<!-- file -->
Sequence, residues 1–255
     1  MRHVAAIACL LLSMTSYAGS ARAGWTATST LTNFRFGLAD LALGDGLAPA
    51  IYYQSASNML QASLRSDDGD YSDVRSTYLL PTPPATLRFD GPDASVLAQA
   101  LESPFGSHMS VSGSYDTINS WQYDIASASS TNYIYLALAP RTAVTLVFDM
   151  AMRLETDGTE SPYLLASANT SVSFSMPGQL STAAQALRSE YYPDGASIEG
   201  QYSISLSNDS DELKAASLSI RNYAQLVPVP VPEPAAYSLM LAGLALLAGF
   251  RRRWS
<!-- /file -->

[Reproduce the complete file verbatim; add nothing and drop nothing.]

Sequence, residues 1–255
     1  MRHVAAIACL LLSMTSYAGS ARAGWTATST LTNFRFGLAD LALGDGLAPA
    51  IYYQSASNML QASLRSDDGD YSDVRSTYLL PTPPATLRFD GPDASVLAQA
   101  LESPFGSHMS VSGSYDTINS WQYDIASASS TNYIYLALAP RTAVTLVFDM
   151  AMRLETDGTE SPYLLASANT SVSFSMPGQL STAAQALRSE YYPDGASIEG
   201  QYSISLSNDS DELKAASLSI RNYAQLVPVP VPEPAAYSLM LAGLALLAGF
   251  RRRWS